Crazy Sock Games for Kids

I’d like to thank my parents. Years ago they gave me a pair of crazy colored socks for Christmas. These unexpectedly comfortable socks perfectly fit my unusually large feet and I soon discovered they were a useful tool for children’s ministry. Not long after receiving those socks, I was commissioned to teach a Bible lesson in a community center classroom crowded with clamoring kids. They were pretty rowdy when I arrived and I needed to get their attention. So with my Bible in hand and crazy socks from Christmas on my feet I strode to the front of the room and said the first thing that popped into my mind, “Guess what color my socks are.” The room instantly quieted down and all eyes were fixed on me. “Wow! That worked!” I thought, and my crazy sock crusade commenced. I started collecting crazy socks and using them to connect with kids.

Maybe crazy socks aren’t your thing. That’s totally fine because ALL of the ideas I’m about to share work incredibly well with other objects that may be more in line with your personal taste. Check out my article “How to Use a Mystery Bag in Sunday School” for a similar yet “sock-free” concept that could be used for most of these activities while also relating to the topic of your lesson. (Though you may want to seriously rethink your lack of crazy socks. According to a 2014 Harvard study, crazy socks are an indicator of success, creativity, and brilliance! Who needs a doctorate? I’ve got dinosaur socks!) Let’s take a look at some ideas and then I’ll suggest alternative resources for people with tamer taste in footwear.

Crazy Sock Solutions for Common Sunday School Situations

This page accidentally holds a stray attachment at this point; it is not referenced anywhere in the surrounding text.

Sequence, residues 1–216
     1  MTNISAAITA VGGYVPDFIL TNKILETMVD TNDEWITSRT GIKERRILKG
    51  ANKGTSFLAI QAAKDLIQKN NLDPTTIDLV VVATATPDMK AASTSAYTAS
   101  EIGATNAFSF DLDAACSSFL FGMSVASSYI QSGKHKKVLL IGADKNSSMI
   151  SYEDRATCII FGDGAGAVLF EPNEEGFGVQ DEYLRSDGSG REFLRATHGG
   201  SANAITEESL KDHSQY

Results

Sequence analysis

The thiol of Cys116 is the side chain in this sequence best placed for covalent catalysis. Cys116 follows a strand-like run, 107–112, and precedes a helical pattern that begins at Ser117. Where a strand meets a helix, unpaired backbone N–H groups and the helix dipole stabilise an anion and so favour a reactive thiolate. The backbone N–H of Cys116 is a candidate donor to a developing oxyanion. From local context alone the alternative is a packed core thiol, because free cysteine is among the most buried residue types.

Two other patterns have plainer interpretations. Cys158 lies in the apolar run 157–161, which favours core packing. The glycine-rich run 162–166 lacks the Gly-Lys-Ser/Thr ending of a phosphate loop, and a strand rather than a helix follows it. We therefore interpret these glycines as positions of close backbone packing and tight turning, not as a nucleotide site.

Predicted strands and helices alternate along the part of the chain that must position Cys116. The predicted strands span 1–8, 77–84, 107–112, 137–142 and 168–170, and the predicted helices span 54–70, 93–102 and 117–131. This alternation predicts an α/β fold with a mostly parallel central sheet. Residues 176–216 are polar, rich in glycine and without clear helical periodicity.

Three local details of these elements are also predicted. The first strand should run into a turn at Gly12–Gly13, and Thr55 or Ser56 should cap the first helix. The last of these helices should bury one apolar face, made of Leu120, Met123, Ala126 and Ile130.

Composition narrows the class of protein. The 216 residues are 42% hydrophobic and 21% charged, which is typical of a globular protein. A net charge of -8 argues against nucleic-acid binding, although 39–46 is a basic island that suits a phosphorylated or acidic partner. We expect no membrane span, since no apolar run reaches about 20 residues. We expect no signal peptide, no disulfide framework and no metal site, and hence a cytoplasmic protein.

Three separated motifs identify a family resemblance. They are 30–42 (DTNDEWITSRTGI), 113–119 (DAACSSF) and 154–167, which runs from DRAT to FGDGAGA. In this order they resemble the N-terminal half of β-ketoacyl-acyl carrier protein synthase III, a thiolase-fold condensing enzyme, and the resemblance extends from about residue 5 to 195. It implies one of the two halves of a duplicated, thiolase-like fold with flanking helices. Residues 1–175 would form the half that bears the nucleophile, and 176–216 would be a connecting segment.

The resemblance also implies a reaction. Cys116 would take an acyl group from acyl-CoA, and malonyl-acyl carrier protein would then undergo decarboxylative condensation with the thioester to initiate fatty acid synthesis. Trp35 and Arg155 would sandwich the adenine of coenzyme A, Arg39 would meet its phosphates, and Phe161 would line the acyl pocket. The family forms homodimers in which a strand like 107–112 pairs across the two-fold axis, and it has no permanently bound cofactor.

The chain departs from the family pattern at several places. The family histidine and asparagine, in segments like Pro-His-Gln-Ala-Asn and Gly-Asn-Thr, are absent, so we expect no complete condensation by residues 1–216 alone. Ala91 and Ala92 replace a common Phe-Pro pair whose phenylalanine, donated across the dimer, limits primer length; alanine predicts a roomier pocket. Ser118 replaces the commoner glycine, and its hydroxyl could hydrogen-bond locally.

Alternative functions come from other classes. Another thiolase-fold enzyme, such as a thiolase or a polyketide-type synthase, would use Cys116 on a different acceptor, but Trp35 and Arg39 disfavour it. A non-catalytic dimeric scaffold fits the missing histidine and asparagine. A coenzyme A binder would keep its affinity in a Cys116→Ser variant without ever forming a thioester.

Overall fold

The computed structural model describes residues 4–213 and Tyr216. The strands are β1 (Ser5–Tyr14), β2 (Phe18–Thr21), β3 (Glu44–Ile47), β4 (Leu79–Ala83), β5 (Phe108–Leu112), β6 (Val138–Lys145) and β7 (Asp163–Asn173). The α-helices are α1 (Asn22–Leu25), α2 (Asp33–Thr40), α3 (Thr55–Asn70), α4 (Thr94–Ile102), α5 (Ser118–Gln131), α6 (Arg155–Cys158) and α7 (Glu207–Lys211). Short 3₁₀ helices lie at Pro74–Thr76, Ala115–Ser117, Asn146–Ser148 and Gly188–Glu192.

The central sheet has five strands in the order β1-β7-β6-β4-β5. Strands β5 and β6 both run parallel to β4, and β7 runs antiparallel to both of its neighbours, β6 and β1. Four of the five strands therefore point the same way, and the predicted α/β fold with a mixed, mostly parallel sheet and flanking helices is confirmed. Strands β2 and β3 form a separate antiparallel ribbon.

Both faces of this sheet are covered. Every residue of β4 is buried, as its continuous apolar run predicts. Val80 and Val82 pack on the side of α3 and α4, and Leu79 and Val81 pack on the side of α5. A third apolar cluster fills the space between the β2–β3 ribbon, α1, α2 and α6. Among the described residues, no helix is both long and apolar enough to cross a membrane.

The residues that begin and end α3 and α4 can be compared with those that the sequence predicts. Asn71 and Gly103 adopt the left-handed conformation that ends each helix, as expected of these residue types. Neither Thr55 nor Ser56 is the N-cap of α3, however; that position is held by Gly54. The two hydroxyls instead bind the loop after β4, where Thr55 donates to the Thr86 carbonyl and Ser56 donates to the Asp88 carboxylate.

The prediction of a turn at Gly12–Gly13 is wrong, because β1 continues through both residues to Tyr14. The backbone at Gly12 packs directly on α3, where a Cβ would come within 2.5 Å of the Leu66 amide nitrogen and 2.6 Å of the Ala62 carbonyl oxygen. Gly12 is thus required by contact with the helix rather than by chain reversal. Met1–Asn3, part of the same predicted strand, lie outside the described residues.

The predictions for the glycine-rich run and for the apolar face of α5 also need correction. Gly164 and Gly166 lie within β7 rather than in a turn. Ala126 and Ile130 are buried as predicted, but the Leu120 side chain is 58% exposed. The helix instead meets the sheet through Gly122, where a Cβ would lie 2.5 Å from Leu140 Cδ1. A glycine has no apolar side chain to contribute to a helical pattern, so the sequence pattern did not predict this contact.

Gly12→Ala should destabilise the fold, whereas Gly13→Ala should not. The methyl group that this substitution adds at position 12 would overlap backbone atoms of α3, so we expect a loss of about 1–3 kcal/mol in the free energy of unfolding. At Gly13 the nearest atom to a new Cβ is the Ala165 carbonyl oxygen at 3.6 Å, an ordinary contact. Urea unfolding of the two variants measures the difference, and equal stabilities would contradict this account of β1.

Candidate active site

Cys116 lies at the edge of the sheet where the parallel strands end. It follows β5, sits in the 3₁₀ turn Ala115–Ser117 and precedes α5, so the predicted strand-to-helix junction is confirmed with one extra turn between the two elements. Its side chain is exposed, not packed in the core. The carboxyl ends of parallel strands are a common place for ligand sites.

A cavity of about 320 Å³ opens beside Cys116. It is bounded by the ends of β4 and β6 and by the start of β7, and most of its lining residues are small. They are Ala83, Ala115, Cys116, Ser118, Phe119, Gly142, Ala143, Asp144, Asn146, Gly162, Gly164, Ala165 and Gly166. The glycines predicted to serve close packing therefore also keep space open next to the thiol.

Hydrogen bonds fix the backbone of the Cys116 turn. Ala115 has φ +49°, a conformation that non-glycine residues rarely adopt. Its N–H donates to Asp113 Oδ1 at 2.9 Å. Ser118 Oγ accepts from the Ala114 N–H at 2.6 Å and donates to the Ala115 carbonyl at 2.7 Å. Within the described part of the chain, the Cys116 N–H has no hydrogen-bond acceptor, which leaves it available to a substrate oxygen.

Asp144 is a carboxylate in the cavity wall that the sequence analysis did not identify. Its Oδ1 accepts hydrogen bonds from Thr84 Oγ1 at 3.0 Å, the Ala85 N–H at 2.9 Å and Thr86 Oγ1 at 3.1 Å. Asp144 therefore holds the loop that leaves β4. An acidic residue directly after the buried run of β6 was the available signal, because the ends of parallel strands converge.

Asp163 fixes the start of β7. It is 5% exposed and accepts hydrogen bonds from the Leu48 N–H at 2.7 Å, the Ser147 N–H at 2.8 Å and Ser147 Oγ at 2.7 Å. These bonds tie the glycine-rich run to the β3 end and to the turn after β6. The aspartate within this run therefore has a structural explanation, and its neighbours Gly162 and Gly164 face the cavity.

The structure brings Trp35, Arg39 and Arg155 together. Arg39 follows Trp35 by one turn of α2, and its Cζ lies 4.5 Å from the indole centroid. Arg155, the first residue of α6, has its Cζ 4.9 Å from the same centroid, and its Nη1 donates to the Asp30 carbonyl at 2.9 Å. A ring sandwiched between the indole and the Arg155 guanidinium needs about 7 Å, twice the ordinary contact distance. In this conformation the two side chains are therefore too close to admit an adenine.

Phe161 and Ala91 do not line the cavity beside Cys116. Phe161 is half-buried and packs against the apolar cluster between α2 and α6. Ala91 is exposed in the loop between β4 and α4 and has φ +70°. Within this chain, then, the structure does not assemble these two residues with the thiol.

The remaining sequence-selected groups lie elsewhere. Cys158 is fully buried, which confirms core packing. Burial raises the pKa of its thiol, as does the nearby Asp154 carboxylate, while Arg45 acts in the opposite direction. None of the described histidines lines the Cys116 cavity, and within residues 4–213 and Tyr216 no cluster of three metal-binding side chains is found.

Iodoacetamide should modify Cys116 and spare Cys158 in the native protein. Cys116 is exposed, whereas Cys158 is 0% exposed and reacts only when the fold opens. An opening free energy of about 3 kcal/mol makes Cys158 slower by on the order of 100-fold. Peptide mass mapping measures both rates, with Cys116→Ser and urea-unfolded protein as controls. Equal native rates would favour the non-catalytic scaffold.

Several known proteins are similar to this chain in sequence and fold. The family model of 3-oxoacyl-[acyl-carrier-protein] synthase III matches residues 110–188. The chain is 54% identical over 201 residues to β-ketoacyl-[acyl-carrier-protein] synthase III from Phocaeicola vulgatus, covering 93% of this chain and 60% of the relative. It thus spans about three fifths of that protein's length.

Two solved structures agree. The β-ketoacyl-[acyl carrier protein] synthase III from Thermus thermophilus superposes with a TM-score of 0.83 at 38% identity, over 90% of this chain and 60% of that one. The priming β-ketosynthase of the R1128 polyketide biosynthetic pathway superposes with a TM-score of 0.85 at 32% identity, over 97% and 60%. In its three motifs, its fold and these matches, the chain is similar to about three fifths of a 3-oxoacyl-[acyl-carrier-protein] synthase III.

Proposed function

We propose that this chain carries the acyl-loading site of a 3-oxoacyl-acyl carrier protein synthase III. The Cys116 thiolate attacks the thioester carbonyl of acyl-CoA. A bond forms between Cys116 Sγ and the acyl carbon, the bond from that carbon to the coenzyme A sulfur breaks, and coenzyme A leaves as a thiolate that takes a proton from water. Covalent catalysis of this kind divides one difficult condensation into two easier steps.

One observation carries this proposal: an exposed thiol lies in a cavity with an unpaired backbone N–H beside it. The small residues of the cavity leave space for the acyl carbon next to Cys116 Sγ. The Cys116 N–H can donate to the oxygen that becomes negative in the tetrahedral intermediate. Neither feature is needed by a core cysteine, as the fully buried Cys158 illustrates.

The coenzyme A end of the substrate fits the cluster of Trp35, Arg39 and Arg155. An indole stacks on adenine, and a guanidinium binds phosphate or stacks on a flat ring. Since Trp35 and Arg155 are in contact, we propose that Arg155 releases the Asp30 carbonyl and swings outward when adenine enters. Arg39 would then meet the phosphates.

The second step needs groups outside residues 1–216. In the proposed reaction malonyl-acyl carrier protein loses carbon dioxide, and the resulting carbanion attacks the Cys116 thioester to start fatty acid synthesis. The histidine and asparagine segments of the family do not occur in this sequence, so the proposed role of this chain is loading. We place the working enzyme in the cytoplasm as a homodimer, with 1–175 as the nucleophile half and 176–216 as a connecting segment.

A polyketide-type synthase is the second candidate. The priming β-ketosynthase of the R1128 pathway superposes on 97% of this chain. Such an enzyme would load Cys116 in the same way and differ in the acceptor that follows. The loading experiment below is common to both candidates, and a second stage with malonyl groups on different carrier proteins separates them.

Behavior incentives

Prompted by my accidental success with the kids at the community center, I’ve started using crazy socks as a motivation for kids to pay attention and follow class rules.

Crazy Sock Colors Just walk to the front of the room and say, “We’re going to play a game. You have to guess what color my socks are before our class is over.” (Obviously this won’t work well if your socks are already visible, so flip-flops and shorts are out for this game.) Next, explain that throughout your entire class you’ll be watching like a hawk for kids who are doing an epic job following the rules and those kids will get a chance to guess what color your socks are and at the end of class you’ll take off a shoe and show them who was right.

Crazy Sock Choices Another fun way to motivate positive behavior with crazy socks is to have the kids compete to determine which pair of crazy socks you’ll wear next. To do this, bring two pairs of crazy socks and divide the kids into two teams. Assign a different sock to each team and explain that you’ll be watching closely to see which team follows the rules most excellently and that you will wear the winning team’s socks for the rest of the day.


Whether I’m a guest speaker at a Good News Club or a substitute teacher in Sunday School, I have frequently taught groups of kids who didn’t know me from Adam. I’ve started using crazy socks as a fun way to break the ice and get to know the kids while they warm up to me. It works something like this:

Teacher: Stomp your feet if you’re wearing socks.

Kids: (STOMP! STOMP! STOMP! Go the little feet on the floor.)

Teacher: I’m wearing socks too. In fact, my socks have pictures of animals on them. Put your hand on your head if you want to try to guess what kind of animal it is.